In my own view, the Internet should be capitalized, and the word “the” should be placed before it wherever possible. The Internet should be capitalized because the people on the Internet are a polity or a body politic. They are “netizens” or citizens of the Internet. Many have spoken of citizens of the world, but  no technology has made such a notion more factual than the Internet. Save for “the World”, or “Humanity”, these terms being capitalized for the same reasons in this context of human wholeness, there is scarcely any other label that can be used to represent the people and their interests than making reference to the Internet, capitalized.

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Whether this reasoning is sufficient for us will be proven in whether or not others choose to capitalize the Internet themselves, or continue to risk trivializing the single greatest revolution in human communication and encounter by reducing it to a mere utility like the telephone. The Internet is a place, as real as any library or hall of power you have ever passed through.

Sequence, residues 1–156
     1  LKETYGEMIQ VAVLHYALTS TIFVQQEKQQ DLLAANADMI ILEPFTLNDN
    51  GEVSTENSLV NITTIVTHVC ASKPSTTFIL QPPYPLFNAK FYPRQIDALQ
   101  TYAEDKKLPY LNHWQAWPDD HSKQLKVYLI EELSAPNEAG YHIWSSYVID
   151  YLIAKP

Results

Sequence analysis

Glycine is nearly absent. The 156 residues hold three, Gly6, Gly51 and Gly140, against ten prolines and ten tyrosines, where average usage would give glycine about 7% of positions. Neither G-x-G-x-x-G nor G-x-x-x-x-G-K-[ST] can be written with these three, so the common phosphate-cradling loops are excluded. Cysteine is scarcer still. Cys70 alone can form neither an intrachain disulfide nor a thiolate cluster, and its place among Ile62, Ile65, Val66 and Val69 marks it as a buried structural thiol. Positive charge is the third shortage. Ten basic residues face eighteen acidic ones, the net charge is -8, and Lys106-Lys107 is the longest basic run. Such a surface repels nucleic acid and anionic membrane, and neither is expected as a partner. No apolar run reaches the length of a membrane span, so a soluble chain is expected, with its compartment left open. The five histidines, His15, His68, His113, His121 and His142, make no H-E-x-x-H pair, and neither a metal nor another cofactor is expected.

By Harry J. Bentham

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My work at Press TV: the end?

posted by Harry J. Bentham

Il vaut mieux hasarder de sauver un coupable que de condamner un innocent.

It is better to risk sparing a guilty person than to condemn an innocent one.

Voltaire


To terminate any potential speculation about my reasons for no longer contributing monthly articles to Press TV’s website, I have decided to make the following post explaining my actual reasons.

My thumbnail from Press TV, more or less

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I continue to admire the work of the Iranian government-funded channel Press TV. My reasons for no longer contributing monthly op-eds there are personal and not political, and are connected with my career and oaths I have taken that are inappropriate to discuss in public via blog posts.